Saturday, July 07, 2007
Love Thine Enemies: A Slice of Nebraska History
Our 4th of July travels took us beyond our usual haunts, and as a result we were thrilled to discover a jewel of a museum near Holdrege, Nebraska. The Nebraska Prairie Museum was HUGE; over one acre of indoor collections in pristine condition. We saw period clothing, antique toys, farm equipment, tools and household items, a unique W.W.II German POW exhibit room, and even fine art.
I was surprised to find the very classy art gallery in a separate section; it houses an exhibit that tells the story of a unique chapter of history: a German POW camp. This was a chapter of history with which I was completely unfamiliar, and it was fascinating!
The POW camps in Nebraska were not widely publicized. People would have panicked had they known that 100,000 Germans passed through the camp gates, right in the heart of our country. Those numbers are huge when you compare them with the population of the county, which was less than 9,000 total.
Half of the male population in Nebraska was engaged in military service, which created a crisis on the farm. Labor was sorely needed on the family farms. The government's answer to this was to provide a German Prisoner of War Camp, built near Atlanta, Nebraska. This was not slave labor or a concentration camp. Prisoners were treated humanely and could volunteer for all types of work. They were then paid by their local employers through a U.S. government agency.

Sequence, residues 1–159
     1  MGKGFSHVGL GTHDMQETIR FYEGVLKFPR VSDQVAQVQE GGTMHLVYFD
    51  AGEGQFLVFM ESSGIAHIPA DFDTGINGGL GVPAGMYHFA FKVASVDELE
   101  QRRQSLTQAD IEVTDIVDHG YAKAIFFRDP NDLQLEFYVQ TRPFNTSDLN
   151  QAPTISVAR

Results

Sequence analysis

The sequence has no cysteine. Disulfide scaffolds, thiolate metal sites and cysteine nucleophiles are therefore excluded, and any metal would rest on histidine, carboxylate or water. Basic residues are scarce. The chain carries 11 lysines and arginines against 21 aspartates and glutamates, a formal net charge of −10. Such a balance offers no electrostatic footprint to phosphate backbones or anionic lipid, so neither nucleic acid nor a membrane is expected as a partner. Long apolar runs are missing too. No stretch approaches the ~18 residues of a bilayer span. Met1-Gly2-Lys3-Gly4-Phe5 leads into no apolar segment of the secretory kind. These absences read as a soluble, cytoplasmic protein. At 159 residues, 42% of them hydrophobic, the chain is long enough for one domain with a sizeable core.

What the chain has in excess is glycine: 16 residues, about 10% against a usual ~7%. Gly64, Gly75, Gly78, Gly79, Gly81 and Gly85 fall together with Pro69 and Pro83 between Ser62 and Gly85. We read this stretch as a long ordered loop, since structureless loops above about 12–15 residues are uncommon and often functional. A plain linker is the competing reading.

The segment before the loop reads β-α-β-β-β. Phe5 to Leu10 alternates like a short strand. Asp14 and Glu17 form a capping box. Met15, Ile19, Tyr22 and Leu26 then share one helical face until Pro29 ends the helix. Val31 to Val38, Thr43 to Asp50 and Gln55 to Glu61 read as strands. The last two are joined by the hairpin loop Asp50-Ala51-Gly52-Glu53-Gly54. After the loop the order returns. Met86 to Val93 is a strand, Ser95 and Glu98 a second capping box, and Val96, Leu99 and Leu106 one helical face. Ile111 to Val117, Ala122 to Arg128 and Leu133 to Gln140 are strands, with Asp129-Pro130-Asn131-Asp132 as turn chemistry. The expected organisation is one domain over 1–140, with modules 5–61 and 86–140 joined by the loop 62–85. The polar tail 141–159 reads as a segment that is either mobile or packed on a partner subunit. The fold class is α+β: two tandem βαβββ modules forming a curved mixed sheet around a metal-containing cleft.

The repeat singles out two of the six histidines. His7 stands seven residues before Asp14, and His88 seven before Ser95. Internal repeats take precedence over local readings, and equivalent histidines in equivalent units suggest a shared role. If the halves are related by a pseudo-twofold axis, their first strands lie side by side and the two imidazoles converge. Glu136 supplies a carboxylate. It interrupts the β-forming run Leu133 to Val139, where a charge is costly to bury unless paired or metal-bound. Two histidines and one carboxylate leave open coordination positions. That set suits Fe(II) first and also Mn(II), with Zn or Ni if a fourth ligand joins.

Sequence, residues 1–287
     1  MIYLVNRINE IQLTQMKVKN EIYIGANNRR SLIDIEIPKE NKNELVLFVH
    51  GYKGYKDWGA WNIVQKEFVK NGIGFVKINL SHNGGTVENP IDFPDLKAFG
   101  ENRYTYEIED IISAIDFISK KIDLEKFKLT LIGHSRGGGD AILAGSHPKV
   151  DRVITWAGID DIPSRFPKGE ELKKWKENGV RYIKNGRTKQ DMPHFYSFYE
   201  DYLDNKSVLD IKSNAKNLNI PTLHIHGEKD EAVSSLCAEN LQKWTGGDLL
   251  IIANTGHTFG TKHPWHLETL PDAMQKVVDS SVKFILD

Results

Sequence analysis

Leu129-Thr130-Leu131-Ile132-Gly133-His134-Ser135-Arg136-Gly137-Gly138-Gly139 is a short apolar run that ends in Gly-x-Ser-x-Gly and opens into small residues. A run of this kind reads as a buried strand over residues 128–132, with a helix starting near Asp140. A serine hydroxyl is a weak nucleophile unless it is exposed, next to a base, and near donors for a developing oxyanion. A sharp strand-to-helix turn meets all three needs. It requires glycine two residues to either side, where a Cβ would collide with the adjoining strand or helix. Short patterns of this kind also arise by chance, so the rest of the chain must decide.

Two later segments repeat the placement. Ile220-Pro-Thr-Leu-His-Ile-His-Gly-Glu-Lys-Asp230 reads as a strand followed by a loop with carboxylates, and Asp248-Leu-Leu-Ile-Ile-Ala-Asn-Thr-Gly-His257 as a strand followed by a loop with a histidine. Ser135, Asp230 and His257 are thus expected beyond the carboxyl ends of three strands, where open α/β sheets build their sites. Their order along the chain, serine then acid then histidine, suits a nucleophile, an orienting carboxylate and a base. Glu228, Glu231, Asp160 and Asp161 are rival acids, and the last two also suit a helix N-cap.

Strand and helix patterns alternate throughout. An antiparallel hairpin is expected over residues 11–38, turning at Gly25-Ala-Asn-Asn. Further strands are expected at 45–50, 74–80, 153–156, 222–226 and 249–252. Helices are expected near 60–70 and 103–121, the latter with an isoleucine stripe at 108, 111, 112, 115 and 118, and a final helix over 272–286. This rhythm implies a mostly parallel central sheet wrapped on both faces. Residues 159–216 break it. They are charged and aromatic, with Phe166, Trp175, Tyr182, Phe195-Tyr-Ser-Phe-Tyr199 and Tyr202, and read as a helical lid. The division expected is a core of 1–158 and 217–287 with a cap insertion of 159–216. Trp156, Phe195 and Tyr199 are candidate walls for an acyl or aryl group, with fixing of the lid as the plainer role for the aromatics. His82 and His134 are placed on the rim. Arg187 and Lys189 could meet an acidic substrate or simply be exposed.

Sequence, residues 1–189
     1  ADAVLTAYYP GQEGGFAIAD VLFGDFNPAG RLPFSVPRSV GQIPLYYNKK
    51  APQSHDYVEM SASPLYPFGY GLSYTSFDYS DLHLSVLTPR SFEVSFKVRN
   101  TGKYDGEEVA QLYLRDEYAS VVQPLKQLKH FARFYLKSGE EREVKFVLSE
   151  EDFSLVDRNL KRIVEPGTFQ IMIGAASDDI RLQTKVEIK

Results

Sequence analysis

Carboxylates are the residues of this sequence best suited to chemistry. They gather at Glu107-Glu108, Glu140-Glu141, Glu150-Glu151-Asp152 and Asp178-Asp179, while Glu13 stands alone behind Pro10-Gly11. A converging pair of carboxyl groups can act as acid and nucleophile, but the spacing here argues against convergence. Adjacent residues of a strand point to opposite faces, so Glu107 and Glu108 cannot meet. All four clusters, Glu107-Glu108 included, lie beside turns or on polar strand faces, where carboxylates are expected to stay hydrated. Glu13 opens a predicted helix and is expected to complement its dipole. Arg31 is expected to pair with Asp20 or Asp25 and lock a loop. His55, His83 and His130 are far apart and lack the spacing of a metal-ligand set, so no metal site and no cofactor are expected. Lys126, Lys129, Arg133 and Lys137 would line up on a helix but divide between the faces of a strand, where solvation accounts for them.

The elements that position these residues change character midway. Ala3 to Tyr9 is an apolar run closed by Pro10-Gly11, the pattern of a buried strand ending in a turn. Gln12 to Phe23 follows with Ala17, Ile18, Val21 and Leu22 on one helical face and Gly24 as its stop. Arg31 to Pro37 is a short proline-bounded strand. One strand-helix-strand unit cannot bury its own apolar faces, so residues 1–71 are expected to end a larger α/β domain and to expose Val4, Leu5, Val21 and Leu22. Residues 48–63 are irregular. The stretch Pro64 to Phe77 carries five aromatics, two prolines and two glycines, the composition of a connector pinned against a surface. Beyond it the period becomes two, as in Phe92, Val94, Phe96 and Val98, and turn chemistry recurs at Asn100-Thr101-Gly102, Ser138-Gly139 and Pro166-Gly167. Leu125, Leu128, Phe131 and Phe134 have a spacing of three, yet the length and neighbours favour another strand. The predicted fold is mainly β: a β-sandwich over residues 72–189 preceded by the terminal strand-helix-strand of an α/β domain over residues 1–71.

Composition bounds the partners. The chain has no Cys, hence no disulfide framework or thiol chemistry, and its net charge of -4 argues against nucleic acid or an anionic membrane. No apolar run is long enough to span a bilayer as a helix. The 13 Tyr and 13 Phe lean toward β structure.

Only about 8% of the POWs were hard core Nazis, and these were identified and separated. The majority of the prisoners were friendly and willing to work for "our side". Most poignant to me were the letters that the prisoners wrote to the farmers after they were released and returned back home when the war ended. Genuine friendship and love developed between the prisoners and the host families. The farm wives baked them cherry pies and treated them with great kindness , so that lifelong friendships resulted. Some of the prisoners opted to stay in the USA and became citizens.
Artist Thomas F. Naegele worked at the prison camps as an interpreter. He painted life as he saw it in the camp, often using pieces of wood that were in the wood pile for burning. His series of pictures is entitled, "In the Eye of the Storm", to capture the conflicts of the world at that time between two theaters of war, the calm that prevailed in the life of the German soldier held in Camp Atlanta.
Here are a couple of samples of his work; a more complete series can be viewed here.